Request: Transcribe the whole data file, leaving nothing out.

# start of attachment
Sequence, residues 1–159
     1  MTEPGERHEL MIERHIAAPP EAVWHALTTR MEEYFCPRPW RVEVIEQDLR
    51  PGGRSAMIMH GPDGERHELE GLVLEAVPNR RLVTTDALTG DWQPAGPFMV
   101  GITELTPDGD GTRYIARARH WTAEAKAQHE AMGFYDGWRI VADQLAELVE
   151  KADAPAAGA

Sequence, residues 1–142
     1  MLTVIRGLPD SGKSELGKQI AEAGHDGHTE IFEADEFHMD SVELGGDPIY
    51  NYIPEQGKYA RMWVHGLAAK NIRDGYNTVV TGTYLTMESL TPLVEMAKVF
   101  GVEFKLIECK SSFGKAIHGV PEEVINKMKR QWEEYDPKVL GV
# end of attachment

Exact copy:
Sequence, residues 1–159
     1  MTEPGERHEL MIERHIAAPP EAVWHALTTR MEEYFCPRPW RVEVIEQDLR
    51  PGGRSAMIMH GPDGERHELE GLVLEAVPNR RLVTTDALTG DWQPAGPFMV
   101  GITELTPDGD GTRYIARARH WTAEAKAQHE AMGFYDGWRI VADQLAELVE
   151  KADAPAAGA

Sequence, residues 1–142
     1  MLTVIRGLPD SGKSELGKQI AEAGHDGHTE IFEADEFHMD SVELGGDPIY
    51  NYIPEQGKYA RMWVHGLAAK NIRDGYNTVV TGTYLTMESL TPLVEMAKVF
   101  GVEFKLIECK SSFGKAIHGV PEEVINKMKR QWEEYDPKVL GV